Imatges de pÓgina
PDF
EPUB

yours

But in ourselves, that we are underlings.
Brutus and Cæfar! what fhould be in that Cæfar?
Why should that name be founded, more than
Write them together; yours is as fair a name:
Sound them it doth become the mouth as well;
Weigh them, it is as heavy; conjure with 'em,
Brutus will ftart a fpirit, as foon as Cæfar.
Now in the names of all the Gods at once,
Upon what meat does this our Cæfar feed,
That he is grown fo great? Age, thou art fham'd;
Rome, thou haft loft the breed of noble bloods.
When went there by an age, fince the great flood,
But it was fam'd with more than with one man?
When could they fay, till now, that talk'd of Rome,
That her wide walls incompafs'd but one man ?
Now is it Rome, indeed; and room enough,
When there is in it but one only man.
Oh! you and I have heard our fathers fay,
There was a. Brutus once, that would have brook'd
Th' eternal devil to keep his ftate in Rome,
As eafily as a King.

Bru. That you do love me, I am nothing jealous ;
What you would work me to, I have fome aim;
How I have thought of this, and of thefe times,
fhall recount hereafter: for this prefent,
I would not (fo with love I might intreat you)
Be any further mov'd. What you have said,
I will confider; what you have to fay,

I will with patience hear; and find a time
Both meet to hear, and anfwer fuch high things.
Till then, my noble friend, chew upon this;
Brutus had rather be a villager,

Than to repute himfelf a fon of Rome

Under fuch hard conditions, as this time

Is like to lay upon us.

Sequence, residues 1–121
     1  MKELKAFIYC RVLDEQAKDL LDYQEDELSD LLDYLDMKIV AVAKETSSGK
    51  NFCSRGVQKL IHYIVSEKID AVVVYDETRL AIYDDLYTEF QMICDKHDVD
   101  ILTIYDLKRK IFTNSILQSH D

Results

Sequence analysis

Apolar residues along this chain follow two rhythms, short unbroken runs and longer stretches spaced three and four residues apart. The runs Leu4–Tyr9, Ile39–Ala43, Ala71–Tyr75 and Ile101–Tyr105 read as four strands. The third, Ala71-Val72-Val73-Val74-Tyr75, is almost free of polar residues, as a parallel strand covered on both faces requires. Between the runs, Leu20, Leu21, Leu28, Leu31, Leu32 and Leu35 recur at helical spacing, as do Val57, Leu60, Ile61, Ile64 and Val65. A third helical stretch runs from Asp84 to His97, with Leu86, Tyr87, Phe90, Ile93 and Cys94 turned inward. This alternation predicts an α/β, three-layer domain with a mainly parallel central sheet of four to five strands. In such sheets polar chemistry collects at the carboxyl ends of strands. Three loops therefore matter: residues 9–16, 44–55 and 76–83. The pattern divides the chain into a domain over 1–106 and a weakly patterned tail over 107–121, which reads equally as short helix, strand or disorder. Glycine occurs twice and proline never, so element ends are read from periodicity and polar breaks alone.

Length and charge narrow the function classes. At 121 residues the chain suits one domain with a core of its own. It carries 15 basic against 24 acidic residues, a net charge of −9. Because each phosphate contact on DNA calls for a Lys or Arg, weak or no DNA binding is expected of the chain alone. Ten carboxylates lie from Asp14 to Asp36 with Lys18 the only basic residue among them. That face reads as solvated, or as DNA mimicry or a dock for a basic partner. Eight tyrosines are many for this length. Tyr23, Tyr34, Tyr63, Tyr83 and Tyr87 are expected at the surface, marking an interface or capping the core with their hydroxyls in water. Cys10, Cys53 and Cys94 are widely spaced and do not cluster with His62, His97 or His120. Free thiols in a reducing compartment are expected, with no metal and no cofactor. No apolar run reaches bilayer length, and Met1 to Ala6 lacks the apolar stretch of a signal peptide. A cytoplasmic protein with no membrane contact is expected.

Caf. I am glad that my weak words

Haye ftruck but thus much fhew of fire from Brutus.

Enter Cæfar and his Train.

Bru. The Games are done, and Cafar is returning

Caf.

Caf. As they pafs by, pluck Cafca by the fleeve, ↑
And he will, after his four fashion tell you,
What hath proceeded worthy note to day.

Bru. I will do fo; but look you, Caffius,
The angry spot doth glow on Cafar's brow,
And all the reft look like a chidden train.
Calphurnia's cheek is pale; and Cicero
Looks with fuch ferret, and fuch fiery eyes,
As we have seen him in the capitol,
Being croft in conf'rence by fome Senators.
Caf. Cafea will tell us what the matter is,
Caf. Antonius,-

Ant. Cæfar?

Caf. Let me have men about me that are fat,
Sleek-headed men, and fuch as fleep a-nights:
Yond Caffius has a lean and hungry look,
He thinks too much; fuch men are dangerous..
Ant. Fear him not, Cæfar, he's not dangerous;
He is a noble Roman, and well given.

Caf. Would he were fatter; but I fear him not
Yet if my name were liable to fear,

I do not know the man I should avoid,
So foon as that fpare Caffius. He reads much;
He is a great obferver; and he looks
Quite through the deeds of men.
He loves no plays,
As thou doft, Antony; he hears no mufick;
Seldom he fmiles; and fmiles in fuch a fort,
As if he mock'd himself, and fcorn'd his fpirit,
That could be mov'd to smile at any thing.
Such men as he be never at heart's eafe,
Whilst they behold a greater than themselves;
And therefore are they very dangerous.,
I rather tell thee what is to be fear'd,
Than what I fear; for always I am Cafar.
Come on my right hand, for this ear is deaf,
And tell me truly, what thou think'st, of him.

[Exeunt Cæfax and his Train

[ocr errors][merged small]

Manent Brutus and Caffius: Cafca, to them.

Cafea. You pull'd me by the cloak; would you speak

with me?

[ocr errors]

Bru. Ay, Cafca, tell us what hath chanc'd to-day,. That Cafar looks fo fad.

Cafca. Why, you were with him, were you not? Bru. I fhould not then ask Cafca what had chanc'd. Cafea. Why, there was a crown offer'd him ;.. and being offer'd him, he put it by with the back of his hand thus, and then the people fell a fhouting.

Bru. What was the fecond noise for?

Cafca. Why, for that too.

Caf. They fhouted thrice: what was the laft cry for? Cafca. Why, for that too.

Bru. Was the crown offer'd him thrice?

Cafca. Ay, marry, was't, and he put it by thrice, every time gentler than other; and at every putting by, mine honeft neighbours fhouted.

Caf. Who offer'd him the crown?

Cafca. Why, Antony.

Bru. Tell us the manner of it, gentle Cafca.